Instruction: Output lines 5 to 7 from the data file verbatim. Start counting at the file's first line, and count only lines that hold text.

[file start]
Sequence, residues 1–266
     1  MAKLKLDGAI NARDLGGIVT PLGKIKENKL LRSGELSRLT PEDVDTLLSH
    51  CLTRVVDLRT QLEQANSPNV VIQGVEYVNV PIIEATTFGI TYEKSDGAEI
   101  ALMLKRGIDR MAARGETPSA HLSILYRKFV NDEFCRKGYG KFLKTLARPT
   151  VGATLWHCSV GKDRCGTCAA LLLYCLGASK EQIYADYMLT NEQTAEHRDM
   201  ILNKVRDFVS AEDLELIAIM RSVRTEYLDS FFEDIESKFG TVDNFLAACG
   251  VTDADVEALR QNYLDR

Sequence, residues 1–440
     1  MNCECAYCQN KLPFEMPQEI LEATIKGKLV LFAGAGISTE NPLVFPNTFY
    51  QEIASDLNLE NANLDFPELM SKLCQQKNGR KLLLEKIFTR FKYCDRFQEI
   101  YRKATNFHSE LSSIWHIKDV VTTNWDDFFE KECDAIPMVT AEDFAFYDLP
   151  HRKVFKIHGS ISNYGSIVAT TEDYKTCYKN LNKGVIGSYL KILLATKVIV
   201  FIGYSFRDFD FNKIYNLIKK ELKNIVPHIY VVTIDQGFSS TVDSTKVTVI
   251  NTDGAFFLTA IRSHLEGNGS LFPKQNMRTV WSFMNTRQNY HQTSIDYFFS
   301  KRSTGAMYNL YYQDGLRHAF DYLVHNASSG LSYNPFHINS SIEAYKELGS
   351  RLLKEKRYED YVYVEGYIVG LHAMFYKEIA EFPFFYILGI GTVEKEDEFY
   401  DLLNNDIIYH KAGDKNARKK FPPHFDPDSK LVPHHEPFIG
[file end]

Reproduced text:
   151  VGATLWHCSV GKDRCGTCAA LLLYCLGASK EQIYADYMLT NEQTAEHRDM
   201  ILNKVRDFVS AEDLELIAIM RSVRTEYLDS FFEDIESKFG TVDNFLAACG
   251  VTDADVEALR QNYLDR